For decades, plastic has been regarded as something of a miracle product. Lightweight, durable and versatile, it’s been used for practically everything, from food packaging and water pipes to aircraft and insulation systems.
But all of a sudden it seems that plastic has become public enemy number one. In January, the Iceland supermarket chain announced plans to eliminate or drastically reduce plastic packaging of all its own-label products by the end of 2023. Also in January, the UK government set out its ambition to eliminate all avoidable plastic waste within 25 years.
A rising tide
The new war on plastic is largely to do with an increased awareness about the highly damaging impact of plastic waste on the planet. Research has found that, since the 1950s, nine billion tonnes of plastic has been produced, a figure that’s likely to rise to 30 billion tonnes by the end of the century. Over eight million tonnes of plastic enter the oceans each year, threatening marine and bird life, as well as having a wider impact on human health.
The difficulty of disposing of plastic waste has been amplified by China’s decision last summer to ban the import of 24 categories of recyclable materials, including most plastics. The news was a body blow to the waste management sector, which has relied on China’s dominant position in recycling to dispose of plastic waste.
Tackling the problem, one bottle at a time
More recently, the focus has been on single use plastic bottles for water and other soft drinks. The House of Commons Environmental Audit Committee last year reported that 13 billion plastic bottles are used each year in the UK. Only 57% of these are recycled, with the rest going to landfill/incineration or litter.
Various solutions have been suggested to reduce plastic bottle waste, such as greater provision of public drinking fountains and bottle refill points.
Another idea is the development of deposit return schemes (DRS). These involve consumers paying a small deposit on top of the price of a bottled drink. The deposit is refunded when the bottle is returned to an in-store collection point or a reverse vending machine. The bottles are then collected and recycled into new plastic bottles.
A 2015 study by Eunomia for Zero Waste Scotland considered the feasibility of a DRS being introduced to Scotland. The research included case studies of deposit return schemes in Germany and Scandinavia. In Germany, the introduction of the deposit on one-way beverage packaging was a big success with 98.5% of refillable bottles being returned by consumers. And in Norway, 96% of bottles are returned for plastic recycling.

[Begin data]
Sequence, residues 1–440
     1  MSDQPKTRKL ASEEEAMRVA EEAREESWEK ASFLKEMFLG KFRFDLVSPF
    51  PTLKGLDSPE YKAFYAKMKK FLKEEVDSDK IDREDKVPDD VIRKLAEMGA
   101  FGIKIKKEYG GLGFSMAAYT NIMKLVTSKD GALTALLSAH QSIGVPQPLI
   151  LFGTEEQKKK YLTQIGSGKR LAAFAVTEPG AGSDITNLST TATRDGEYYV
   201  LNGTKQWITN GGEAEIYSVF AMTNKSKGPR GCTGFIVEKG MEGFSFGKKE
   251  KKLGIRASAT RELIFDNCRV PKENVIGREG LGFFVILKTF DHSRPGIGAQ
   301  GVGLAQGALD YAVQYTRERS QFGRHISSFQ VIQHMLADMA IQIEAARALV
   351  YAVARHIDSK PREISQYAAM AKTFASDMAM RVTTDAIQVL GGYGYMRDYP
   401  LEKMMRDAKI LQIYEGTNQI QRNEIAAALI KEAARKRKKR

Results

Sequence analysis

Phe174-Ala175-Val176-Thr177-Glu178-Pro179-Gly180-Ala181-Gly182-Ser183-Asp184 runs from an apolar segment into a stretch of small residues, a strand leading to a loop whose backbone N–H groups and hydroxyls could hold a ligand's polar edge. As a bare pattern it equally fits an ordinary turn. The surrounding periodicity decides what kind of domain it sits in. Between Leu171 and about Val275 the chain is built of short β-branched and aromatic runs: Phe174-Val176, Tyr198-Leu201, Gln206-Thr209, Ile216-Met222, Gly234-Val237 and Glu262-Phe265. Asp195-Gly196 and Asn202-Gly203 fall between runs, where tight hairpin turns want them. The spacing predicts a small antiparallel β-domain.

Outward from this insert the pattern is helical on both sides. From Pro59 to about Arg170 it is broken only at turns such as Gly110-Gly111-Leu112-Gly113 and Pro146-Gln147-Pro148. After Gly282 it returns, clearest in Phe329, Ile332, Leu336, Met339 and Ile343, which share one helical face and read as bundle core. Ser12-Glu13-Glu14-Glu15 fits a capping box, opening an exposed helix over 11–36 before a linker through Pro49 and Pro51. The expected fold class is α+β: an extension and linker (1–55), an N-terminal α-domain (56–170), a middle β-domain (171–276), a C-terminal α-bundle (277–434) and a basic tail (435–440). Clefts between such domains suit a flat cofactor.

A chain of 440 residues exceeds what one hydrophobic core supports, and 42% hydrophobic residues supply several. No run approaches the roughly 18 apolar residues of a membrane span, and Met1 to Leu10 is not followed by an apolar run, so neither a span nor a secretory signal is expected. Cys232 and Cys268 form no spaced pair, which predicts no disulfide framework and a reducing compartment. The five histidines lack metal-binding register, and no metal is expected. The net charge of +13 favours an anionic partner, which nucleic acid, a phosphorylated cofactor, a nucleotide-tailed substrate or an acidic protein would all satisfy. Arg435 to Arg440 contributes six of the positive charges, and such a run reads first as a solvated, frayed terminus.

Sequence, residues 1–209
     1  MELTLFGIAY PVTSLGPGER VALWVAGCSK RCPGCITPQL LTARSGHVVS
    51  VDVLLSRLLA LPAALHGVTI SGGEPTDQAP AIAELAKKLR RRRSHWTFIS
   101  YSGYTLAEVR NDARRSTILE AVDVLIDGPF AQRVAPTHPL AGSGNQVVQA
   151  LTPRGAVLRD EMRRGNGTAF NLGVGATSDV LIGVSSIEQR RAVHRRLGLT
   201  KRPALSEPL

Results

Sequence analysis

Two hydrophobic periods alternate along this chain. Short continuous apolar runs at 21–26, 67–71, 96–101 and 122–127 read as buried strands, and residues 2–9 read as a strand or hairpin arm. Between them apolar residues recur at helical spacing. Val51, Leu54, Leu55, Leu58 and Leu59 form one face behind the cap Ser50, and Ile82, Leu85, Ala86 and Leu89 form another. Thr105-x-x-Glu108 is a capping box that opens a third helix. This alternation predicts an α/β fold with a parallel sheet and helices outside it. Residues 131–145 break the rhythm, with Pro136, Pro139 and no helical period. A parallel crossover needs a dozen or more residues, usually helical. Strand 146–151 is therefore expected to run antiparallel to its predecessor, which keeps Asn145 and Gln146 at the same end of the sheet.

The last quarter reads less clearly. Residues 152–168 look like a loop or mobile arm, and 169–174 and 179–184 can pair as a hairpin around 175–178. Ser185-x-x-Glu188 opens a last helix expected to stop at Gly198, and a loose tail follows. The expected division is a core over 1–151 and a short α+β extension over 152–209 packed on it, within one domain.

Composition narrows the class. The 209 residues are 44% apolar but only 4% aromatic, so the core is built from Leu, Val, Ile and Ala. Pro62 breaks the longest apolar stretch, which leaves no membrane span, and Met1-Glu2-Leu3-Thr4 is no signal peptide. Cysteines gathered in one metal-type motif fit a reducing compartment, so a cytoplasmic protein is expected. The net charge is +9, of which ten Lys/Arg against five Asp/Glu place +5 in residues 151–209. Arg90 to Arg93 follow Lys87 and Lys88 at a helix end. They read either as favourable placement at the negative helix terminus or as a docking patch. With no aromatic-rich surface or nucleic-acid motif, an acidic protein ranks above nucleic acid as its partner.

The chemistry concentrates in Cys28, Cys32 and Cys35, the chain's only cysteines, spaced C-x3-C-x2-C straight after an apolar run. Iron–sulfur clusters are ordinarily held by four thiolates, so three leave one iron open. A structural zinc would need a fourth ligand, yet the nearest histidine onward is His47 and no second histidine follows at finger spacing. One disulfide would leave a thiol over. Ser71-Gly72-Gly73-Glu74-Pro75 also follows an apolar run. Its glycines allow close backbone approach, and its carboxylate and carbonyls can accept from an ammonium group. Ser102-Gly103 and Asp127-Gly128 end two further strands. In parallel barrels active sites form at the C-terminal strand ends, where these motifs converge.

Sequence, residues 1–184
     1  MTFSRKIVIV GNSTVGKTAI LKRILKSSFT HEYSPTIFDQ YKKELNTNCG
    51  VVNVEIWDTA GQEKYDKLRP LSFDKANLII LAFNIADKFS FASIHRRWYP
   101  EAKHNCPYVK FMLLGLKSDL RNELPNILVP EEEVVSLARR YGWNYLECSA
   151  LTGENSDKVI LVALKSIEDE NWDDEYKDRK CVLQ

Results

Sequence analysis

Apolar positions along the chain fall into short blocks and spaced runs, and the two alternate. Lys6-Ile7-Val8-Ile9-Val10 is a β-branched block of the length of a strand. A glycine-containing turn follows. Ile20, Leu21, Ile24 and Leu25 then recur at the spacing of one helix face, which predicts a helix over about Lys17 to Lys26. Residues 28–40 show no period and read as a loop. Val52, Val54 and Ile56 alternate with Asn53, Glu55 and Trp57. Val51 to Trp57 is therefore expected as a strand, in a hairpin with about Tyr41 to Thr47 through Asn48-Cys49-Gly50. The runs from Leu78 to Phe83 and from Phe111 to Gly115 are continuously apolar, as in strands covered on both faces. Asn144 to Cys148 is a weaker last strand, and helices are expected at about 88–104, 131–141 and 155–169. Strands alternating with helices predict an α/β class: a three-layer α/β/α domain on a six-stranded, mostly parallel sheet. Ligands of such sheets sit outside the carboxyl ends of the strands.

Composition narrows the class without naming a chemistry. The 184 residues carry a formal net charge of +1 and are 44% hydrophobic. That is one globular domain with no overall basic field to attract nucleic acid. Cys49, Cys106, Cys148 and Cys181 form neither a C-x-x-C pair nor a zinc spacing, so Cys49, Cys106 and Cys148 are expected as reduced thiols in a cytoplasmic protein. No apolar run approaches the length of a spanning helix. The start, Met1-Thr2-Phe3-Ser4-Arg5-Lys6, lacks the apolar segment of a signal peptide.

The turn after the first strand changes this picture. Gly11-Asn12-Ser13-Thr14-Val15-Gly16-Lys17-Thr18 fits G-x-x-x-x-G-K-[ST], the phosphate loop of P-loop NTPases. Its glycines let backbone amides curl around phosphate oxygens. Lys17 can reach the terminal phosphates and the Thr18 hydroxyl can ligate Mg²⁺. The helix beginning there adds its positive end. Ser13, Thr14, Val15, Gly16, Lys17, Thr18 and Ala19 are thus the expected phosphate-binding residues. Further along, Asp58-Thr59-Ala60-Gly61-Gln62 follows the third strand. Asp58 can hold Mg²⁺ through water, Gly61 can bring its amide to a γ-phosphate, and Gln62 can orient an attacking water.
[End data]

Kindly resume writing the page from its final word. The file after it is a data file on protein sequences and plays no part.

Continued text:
The Eunomia study concluded that none of the challenges posed by introducing a DRS to Scotland was insuperable, and in September 2017, First Minister Nicola Sturgeon announced plans for a Scottish DRS. Shortly afterwards, the Commons Environmental Audit Committee recommended the introduction of a DRS in England, arguing that it would recycle more plastic bottles, save money and create jobs in the long run.
Deposit return schemes – pros and cons
Writing in the January 2018 ENDS Report, Dominic Hogg, chairman of Eunomia, described four benefits of DRS:
- The return rates can be high, and the climate change benefits associated with recycling the materials are correspondingly higher;
- Because materials returned are of a high level of purity, they are sought after by reprocessors;
- Because they now have meaningful value, the rate of littering of used beverage containers falls by about 95%
- A DRS would reduce the prevalence of plastic found in the marine environment.
However, some local authorities have expressed concern that they would lose money as people would use the DRS rather than recycle through local authorities’ kerbside systems.
Reservations have also been voiced by the soft drinks sector. AG Barr believes that “…the scope for fraud in a Scottish DRS is huge. On a small scale we could see people scavenging in bins for containers, as is the US experience. On a medium scale there is the potential for local authority amenity centre looting. And on a larger scale there is the very real possibility of cross-border trafficking of deposit-bearing containers.”
However, having previously opposed DRS, one major soft drinks company has undergone a change of heart. “A well-designed DRS, targeting the littering of on-the-go soft drinks, could have a role to play alongside reforms and improvements for the current systems,” said Nick Brown, head of sustainability at Coca-Cola European Partners.
A future role for plastic
While there is a growing recognition of the need to manage plastic waste, there’s also an understanding that plastic can’t simply be uninvented.
WRAP (the Waste and Resources Action Programme), which promotes sustainable waste management, has recognised the value of plastic as a resource:
“Take health care, for example. Most disposable medical items – insulin pens, IV tubes, inhalation masks, and so on – use plastic as a core component because it is sterile and reduces the risk of infection. Plastic packaging preserves and protects food. According to the US Flexible Packaging Association (FPA), plastic film extends the shelf life of a cucumber from three days to 14.”
Even so, it’s clear that we’ve reached a watershed moment concerning DRS. As Dominic Hogg concludes:
“Policymakers should make it clear that this is going to happen. The naysayers can choose either to be part of the solution’s design or to have it imposed upon them.”
If you found this blog post interesting, you might also like to read some of our previous articles on waste management: